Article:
Single Emblem View

Link to an image of this page  Link to an image of this page  [C1v f17v]

Amuletum Veneris.

A charm against love

Inguina dente fero suffosum Cypris Adonim[1]
Lactucae foliis condidit exanimem.
Hinc genitali arvo tantum lactuca resistit,
Quantum eruca salax[2] vix stimulare potest.

The Cyprian goddess wrapped in lettuce leaves the lifeless Adonis, gored in the groin by the savage tusk. For this reason, lettuce deadens the procreative field even more than the aphrodisiac rocket can stimulate it.

Notes:

1.  For the story of Venus and Adonis and his fatal wounding by a wild boar, see Ovid, Metamorphoses, 10.529ff. and 705ff. Cyprus was one of the main centres of the worship of Venus, hence the name Cypris.

2.  eruca salax, ‘the aphrodisiac rocket’. See Emblem 61 ([A46a061]), n.3. The effects of the plants rocket and lettuce are contrasted at Pliny, Natural History, 19.44.154.


Related Emblems

Show related emblems Show related emblems

Hint: You can set whether related emblems are displayed by default on the preferences page


Iconclass Keywords

Relating to the image:

Relating to the text:

Hint: You can turn translations and name underlining on or off using the preferences page.

Single Emblem View

Link to an image of this page  Link to an image of this page  [S2v f125v]

DE ARBORIBUS.

EMBLEMA CC [=199] .

Cupressus.

The Cypress

Indicat effigies metae, nomenque Cupressi,
Tractandos parili conditione suos.[1]

The cone-shaped form and the name ‘cypress’ indicate that one’s people should be dealt with on equal terms.

Link to an image of this page  Link to an image of this page  [S3r f126r]

Von Beumen.

Das CC [=199] .

Cypreßbaum.

Deß Cypreßbaum nam, form und gstalt
So ein Laack gleich zeigt an mit gwalt
Daß ein jeder die seinen sol
In gleichem ansehn halten wol.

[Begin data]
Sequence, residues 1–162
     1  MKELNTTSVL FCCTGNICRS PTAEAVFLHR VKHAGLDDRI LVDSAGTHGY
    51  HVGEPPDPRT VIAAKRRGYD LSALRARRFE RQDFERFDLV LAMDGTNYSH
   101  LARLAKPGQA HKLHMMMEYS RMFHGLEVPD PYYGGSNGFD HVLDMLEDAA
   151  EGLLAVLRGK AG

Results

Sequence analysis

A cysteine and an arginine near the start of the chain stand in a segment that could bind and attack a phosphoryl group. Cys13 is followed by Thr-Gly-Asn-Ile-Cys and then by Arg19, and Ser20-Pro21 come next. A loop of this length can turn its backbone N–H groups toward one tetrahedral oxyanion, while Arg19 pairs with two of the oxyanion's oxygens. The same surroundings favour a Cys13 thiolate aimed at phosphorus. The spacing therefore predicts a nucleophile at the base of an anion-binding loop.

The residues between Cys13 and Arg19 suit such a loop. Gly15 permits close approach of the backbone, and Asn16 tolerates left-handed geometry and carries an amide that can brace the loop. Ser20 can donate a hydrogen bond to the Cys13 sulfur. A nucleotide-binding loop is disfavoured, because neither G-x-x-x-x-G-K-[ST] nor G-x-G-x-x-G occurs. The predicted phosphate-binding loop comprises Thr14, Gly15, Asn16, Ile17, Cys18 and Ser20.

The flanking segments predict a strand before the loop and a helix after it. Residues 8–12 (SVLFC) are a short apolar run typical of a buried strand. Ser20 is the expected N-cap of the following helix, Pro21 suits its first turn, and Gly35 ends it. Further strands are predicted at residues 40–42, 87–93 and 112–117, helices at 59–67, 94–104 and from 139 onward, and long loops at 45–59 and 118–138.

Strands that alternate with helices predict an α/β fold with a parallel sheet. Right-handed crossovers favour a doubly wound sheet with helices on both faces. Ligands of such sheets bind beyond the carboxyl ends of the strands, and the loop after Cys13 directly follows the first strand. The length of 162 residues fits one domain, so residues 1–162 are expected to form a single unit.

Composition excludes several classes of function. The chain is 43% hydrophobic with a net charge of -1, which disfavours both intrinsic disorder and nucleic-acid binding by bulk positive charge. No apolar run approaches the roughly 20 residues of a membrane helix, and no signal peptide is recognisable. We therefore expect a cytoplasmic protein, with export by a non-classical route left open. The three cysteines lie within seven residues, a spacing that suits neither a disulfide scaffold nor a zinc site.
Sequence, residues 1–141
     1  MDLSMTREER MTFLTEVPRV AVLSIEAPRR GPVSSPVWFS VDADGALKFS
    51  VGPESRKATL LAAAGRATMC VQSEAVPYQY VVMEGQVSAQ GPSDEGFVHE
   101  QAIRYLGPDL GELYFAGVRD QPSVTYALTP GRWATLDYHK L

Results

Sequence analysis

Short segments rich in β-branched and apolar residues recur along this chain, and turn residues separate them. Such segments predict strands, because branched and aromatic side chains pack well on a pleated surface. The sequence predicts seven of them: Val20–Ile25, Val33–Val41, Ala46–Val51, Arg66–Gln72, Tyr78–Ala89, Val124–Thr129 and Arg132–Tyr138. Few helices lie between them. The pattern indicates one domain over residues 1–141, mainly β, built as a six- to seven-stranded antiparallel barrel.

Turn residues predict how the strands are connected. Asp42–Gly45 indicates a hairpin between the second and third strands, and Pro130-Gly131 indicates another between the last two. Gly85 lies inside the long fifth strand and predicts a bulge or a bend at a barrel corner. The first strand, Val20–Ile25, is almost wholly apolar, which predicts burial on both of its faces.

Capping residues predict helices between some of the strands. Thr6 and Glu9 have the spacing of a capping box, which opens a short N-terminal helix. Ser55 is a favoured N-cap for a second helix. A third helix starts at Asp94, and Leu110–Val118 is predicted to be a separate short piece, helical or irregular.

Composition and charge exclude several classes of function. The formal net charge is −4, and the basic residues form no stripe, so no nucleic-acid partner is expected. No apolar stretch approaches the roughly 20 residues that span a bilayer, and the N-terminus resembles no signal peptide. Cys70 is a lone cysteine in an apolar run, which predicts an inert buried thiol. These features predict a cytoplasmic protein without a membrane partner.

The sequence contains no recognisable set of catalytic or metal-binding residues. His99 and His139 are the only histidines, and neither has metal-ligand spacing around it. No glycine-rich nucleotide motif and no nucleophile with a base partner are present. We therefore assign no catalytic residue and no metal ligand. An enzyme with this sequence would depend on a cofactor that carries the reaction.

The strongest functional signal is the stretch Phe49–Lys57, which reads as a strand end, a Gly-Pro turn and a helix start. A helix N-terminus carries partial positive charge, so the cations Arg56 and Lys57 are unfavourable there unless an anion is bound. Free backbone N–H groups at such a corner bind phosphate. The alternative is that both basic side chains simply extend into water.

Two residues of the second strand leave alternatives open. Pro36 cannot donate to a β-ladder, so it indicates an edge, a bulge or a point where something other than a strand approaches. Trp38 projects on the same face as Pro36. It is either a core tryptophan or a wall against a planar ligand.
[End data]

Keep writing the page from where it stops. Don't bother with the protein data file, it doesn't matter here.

EMBLEMA CCI [=199 second part] .

Aliud.

Other

Funesta est arbor, procerum monumenta Cupressus,
Qualè Apium plebis comere fronde solet.[2]

The cypress is a funereal tree. Its branches usually adorn the memorials of leading men as parsley-stems adorn those of humble people.

Das CCI [=199 second part] .

Ein anderß.

Ein todten Baum der Cypreß ist
Mit seinem zweig er ziert zur frist
Der grossen herrn Leiblegung gleich
Wie der Epp der gemeinen leich.

EMBLEMA CCII [=199 third part] .

Aliud.

Other

Pulchra coma est, pulchro digestaque ordine frondes,
Sed fructus nullos haec coma pulchra gerit.[3]

The foliage is beautiful, and the leaves all arranged in neat order, but this beautiful foliage bears no fruit.

Link to an image of this page  Link to an image of this page  [S3v f126v]

Das CCII [=199 third part] .

Ein anderß.

Schön geschmückt, schön broß und schön zweig
Gesetzt ordenlich nach einr reig
Also diese schöne Geschoß
Tragen kein frucht seind deren bloß.

Notes:

1.  This refers to the supposed etymology, Greek κύειν and πάρισος ‘bear’,‘equal’.

2.  See Pliny, Natural History, 20.44.113 for the use of parsley at funeral meals.

3.  See Erasmus, Adagia, 4210 (Cyparissi fructus).


Related Emblems

Show related emblems Show related emblems

Hint: You can set whether related emblems are displayed by default on the preferences page


Iconclass Keywords

Relating to the image:

    Relating to the text:

    Hint: You can turn translations and name underlining on or off using the preferences page.

     

    Back to top

    Privacy notice
    Terms and conditions